Nairametrics spoke with a store owner, Mrs. Rose Njuma, at the Ipodo market in Ikeja who noted that the Knorr cube brand leads the pack presently, despite stiff competition in the market.
According to her:
“We have many brands of seasoning cubes in Nigeria today. As a trader, I discovered that over time, consumers have come to love Knorr cube and it has become their preferred brand.”
Another shop owner at the market, Ms. Joy, noted that Maggi Star and Knorr are the preferred brands of her customers.
“New products dey come out every time, but my customers dey always request for the popular brands.”
She also added that most of the brands are on the same price range but the new brands have promos with which they attract customers.
Mrs. Caroline, a housewife, revealed that she switched over to Knorr from Maggi due to the salty nature of Maggi. She added that Maggi made her miscalculate the amount of salt to add to her cooking.
These different seasoning brands are readily available at supermarkets, open markets and street shops. They are well packaged too, which some respondents say they like.
In a Twitter poll, Knorr got 58%, Maggi got 33%, while Royco got 5%.
— Nairametrics (@Nairametrics) November 5, 2018
The seasoning market is growing daily with new products making entry into the market. Leading brands must double down or they could lose positions to new entrants like the Onga, Mamador and Davon cubes which are poised to gain more market share.
Why some businesses in Lagos may not be allowed to open in 2 weeks
Business owners and managers who wish to commence operations must put in place the appropriate facilities and working environment to help contain the spread of the COVID-19.
Lagos state government has stated that businesses may not be allowed to open after 2 weeks unless they successfully obtain the provisional clearance certificate as directed.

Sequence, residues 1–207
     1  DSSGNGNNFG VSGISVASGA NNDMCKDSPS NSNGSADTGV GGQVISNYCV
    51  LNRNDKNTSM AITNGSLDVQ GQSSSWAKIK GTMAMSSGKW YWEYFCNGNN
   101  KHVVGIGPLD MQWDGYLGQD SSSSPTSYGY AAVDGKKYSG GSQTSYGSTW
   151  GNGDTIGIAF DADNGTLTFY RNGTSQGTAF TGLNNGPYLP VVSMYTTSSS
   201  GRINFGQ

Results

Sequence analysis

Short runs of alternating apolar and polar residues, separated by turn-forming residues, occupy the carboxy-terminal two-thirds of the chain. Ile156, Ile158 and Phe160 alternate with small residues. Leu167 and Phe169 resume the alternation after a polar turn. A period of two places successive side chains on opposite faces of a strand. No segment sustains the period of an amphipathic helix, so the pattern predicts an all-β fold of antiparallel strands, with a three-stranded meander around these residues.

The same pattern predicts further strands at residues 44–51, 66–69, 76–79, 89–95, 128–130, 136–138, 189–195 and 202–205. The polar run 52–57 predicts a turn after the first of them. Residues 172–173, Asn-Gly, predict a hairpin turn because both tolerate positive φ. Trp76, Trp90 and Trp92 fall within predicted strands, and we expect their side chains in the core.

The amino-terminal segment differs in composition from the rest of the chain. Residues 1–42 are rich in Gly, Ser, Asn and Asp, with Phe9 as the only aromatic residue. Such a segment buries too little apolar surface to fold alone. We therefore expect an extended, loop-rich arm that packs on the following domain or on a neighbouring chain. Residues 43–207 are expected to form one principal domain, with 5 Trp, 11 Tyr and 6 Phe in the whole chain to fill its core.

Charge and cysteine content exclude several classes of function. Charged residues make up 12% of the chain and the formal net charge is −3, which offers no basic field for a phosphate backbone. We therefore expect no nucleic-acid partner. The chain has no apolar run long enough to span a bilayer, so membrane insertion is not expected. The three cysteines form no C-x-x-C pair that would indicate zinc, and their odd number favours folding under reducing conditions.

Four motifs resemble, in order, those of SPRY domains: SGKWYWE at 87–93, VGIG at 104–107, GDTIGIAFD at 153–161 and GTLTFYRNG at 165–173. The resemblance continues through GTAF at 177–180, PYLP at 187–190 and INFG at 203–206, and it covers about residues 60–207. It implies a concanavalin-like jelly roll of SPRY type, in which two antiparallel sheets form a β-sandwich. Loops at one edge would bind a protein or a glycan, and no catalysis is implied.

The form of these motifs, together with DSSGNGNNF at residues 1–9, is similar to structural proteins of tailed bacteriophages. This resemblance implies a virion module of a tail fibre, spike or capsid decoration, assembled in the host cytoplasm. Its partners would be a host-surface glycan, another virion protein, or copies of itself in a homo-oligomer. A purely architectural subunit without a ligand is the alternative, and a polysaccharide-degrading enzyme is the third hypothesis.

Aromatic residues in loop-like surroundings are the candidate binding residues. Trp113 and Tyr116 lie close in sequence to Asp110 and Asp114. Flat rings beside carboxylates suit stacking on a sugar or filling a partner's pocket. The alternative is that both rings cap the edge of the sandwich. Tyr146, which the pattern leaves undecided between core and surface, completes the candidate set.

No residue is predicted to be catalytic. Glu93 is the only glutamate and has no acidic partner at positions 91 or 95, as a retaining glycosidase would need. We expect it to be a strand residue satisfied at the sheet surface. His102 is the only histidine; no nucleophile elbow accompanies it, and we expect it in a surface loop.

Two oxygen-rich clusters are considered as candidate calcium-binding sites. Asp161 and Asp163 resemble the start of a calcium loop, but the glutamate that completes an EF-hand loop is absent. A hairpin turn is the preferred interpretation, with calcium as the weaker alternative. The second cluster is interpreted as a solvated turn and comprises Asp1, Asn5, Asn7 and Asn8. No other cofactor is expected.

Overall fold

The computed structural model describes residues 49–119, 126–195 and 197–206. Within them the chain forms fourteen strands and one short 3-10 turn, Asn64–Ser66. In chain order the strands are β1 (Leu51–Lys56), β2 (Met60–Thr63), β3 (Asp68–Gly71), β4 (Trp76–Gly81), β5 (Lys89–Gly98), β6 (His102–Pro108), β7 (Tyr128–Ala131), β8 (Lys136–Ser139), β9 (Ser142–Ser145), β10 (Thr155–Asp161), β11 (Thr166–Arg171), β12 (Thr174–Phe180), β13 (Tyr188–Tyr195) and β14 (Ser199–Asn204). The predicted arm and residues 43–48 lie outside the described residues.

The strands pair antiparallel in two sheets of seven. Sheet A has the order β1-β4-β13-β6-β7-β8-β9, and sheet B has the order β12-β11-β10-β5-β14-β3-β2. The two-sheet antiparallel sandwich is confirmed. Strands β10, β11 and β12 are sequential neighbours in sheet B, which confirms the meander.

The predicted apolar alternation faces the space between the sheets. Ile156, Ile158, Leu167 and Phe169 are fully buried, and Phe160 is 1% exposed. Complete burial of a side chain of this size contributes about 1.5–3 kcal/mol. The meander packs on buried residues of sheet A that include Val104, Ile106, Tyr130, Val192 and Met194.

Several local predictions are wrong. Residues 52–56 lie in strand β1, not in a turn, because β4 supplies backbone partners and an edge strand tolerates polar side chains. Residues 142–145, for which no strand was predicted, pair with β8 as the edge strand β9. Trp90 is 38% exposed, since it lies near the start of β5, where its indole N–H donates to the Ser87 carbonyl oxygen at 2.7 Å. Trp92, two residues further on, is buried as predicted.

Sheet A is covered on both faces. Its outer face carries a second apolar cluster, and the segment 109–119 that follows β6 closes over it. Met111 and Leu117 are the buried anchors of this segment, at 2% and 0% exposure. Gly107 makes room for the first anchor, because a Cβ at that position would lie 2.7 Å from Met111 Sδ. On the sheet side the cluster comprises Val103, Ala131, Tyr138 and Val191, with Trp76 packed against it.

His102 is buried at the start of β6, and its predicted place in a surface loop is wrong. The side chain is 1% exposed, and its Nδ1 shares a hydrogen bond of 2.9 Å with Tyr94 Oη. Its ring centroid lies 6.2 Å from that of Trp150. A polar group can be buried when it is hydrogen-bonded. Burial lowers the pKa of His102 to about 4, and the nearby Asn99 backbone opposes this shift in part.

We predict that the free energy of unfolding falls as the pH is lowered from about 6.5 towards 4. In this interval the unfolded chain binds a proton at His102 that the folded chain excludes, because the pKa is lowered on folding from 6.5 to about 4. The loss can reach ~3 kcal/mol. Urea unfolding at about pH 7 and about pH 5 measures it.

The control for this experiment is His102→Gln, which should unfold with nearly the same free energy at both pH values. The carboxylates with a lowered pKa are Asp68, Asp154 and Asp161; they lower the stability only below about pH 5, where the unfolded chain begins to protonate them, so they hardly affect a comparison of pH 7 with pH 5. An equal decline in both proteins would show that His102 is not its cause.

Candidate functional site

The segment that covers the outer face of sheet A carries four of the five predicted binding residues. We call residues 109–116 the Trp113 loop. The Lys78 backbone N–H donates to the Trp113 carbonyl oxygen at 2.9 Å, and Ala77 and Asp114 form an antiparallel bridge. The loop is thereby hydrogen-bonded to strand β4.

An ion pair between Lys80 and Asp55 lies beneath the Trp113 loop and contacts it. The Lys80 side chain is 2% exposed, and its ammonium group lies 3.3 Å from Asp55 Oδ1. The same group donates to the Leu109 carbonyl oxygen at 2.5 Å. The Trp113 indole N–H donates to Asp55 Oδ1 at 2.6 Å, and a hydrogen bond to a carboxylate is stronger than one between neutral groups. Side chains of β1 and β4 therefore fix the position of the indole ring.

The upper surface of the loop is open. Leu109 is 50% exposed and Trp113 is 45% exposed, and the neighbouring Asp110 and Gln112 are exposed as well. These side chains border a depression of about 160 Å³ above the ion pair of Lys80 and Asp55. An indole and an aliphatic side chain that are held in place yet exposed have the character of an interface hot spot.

The provisional clearance certificate is the final clearance given to businesses under the Register-to-open initiative, certifying that they have fulfilled all conditions as required and may now be allowed to commence operations in line with the given safety guidelines.
According to a tweet at the official twitter handle of the Lagos state government, business owners and managers who wish to commence operations must put in place the appropriate facilities and working environment to help contain the spread of the COVID-19.
“Appropriate screening equipment for COVID-19, such as contactless temperature checkers must be available for entrants into the facility; separate ingress and egress points must be conducted in a staggered and orderly manner,” the Director-General, Lagos State Safety Commission, Mr. Lanre Mojola said in the tweet.
Mojola added that relaxation centres such as bars, nightclubs, spas, gyms, cinemas and parks are to remained closed until further directives are given to them, after subsequent review of the situation.
However, social clubs with registered trustees will be permitted to open in two weeks’ time upon obtaining provisional clearance certificate, Mojola stated.
The Director-General continued that social clubs with registered trustees will be permitted to open in two weeks’ time upon obtaining provisional clearance certificate through the registration portal https://t.co/dnk2g74y8y.@jidesanwoolu @safety_lasg #ForAGreaterLagos #CovidLASG
— The Lagos State Govt (@followlasg) June 6, 2020
He stated that eateries and restaurants outside hotels are only permitted to offer take-out services as no dining activity will be tolerated.
Mojola emphasized that registration for the mandatory ‘Register-To-Open’ policy is at zero cost, easy and user friendly, urging that businesses that are yet to obtain the safety compliance certificates should ensure registration on the portal as stipulated and await their clearance.
COVID-19 Update in Nigeria
On the 6th of June 2020, 389 new confirmed cases and 9 deaths were recorded in Nigeria bringing the total confirmed cases recorded in the country to 12,233.